Volunteers, from right to left: Garrett Hill, Guy Berliner, Jenny Conlee-Drizos, Irene Bachhuber, Cheryl Crowe (seated), Stephen Bachhuber, John Karabaic. Not pictured: Kathy Orton and Lee Orton.
SE 9th Street overpass of Powell Blvd. (Photo: Jonathan Maus/BikePortland)

This is a guest article from Brooklyn neighborhood resident John Karabaic.

On Saturday, November 19, 2022, nine volunteers with the Brooklyn Action Corps removed wet, slippery leaves and trimmed low-hanging branches that narrowed the walkway and interfered with users of the SE 9th Street Overpass at SE Powell Blvd.  They also removed dirt and vegetation that was narrowing the sidewalk near the TriMet 19 bus stop in front of the south ramp of the bridge.

Since Brooklyn is surrounded on three sides by major urban highways and on one by railroad tracks, the SE 9th Street overpass is a critical piece of pedestrian and cycling infrastructure in and out of the neighborhood. Stephen and Irene Bachhuber, along with other neighbors, have been regularly cleaning the overpass and trimming vegetation for years.  They’ve led the effort to keep this bridge safe and usable all year round.

The sidewalk magically doubled in size!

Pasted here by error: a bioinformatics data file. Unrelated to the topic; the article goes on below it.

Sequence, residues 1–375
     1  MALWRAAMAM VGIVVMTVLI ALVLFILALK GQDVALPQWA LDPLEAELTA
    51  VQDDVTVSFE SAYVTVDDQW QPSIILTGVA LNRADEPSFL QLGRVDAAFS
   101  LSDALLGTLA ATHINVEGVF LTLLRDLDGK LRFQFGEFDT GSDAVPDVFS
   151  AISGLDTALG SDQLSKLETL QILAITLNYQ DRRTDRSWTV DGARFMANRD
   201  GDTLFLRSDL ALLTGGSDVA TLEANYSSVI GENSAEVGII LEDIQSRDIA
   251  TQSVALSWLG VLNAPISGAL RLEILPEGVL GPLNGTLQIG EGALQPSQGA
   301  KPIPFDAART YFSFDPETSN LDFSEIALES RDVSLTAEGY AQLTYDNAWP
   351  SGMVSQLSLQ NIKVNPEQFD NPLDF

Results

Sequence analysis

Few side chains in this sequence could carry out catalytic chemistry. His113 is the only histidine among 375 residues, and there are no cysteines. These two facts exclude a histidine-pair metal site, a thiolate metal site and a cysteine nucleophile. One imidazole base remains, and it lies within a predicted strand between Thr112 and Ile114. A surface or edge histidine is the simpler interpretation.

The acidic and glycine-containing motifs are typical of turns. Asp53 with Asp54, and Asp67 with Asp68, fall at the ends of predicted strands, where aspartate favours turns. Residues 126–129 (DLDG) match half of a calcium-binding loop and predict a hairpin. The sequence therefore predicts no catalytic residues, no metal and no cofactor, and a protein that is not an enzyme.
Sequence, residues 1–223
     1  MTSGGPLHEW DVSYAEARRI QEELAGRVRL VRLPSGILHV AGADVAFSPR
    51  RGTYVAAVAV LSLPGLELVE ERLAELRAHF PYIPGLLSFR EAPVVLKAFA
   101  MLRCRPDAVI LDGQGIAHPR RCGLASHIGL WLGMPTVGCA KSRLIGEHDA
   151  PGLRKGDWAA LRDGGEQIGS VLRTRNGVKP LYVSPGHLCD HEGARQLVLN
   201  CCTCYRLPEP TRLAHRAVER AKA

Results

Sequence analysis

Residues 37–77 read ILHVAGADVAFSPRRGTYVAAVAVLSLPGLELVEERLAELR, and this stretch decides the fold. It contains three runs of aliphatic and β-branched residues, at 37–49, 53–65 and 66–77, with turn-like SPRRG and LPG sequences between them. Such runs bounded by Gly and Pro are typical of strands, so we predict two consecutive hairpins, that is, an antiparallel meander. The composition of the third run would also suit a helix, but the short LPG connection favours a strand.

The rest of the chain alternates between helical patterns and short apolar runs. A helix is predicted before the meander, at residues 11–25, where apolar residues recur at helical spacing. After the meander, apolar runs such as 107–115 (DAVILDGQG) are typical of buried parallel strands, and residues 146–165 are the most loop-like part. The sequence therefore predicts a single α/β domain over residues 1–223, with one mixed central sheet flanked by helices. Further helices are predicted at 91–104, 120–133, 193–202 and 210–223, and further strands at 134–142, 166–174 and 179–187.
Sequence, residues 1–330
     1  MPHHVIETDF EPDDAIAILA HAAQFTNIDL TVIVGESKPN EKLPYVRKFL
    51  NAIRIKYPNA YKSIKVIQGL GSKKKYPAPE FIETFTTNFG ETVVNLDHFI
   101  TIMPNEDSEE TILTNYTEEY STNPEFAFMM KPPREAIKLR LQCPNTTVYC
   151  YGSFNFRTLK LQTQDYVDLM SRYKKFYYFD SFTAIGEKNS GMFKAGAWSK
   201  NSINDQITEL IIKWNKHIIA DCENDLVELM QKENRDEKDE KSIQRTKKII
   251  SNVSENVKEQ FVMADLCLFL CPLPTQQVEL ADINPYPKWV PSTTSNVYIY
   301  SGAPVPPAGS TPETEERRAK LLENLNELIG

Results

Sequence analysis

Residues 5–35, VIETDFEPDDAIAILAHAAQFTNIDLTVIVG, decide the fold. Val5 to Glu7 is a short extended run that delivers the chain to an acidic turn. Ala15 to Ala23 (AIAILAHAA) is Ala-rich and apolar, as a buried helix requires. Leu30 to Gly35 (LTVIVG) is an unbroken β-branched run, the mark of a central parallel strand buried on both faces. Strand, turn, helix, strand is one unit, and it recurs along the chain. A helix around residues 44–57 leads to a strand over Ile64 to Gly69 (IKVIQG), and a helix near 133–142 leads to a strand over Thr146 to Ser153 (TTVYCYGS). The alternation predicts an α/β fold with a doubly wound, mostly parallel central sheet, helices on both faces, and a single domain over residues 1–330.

Volunteer and BAC Board member Cheryl Crowe was shocked when she discovered that the sidewalk in front of the south ramp of the bridge didn’t have a grass strip next to the bridge ramp. It just had years of accumulated dirt and leaves that made it look like it was planted and made the sidewalk unnecessarily narrow next to an urban highway and bus stop.  Volunteers cleaned some of it up, but have more to do. There are some uneven areas of the sidewalk that need to be fixed and we need to remove more vegetation past the bus stop.

On Saturday, the volunteers even made it safe for tall bikes to pass under the trees!

BAC Board member and volunteer Guy Berliner was leading a BAC neighborhood beautification initiative. After helping to clean up, he seeded the slope with a native Pacific Northwest wildflower blend. Next spring, bridge users will see the colorful results of that effort.

If you live in or around the Brooklyn area and want to get involved with similar efforts in the future, visit Brooklyn-Neighborhood.org.



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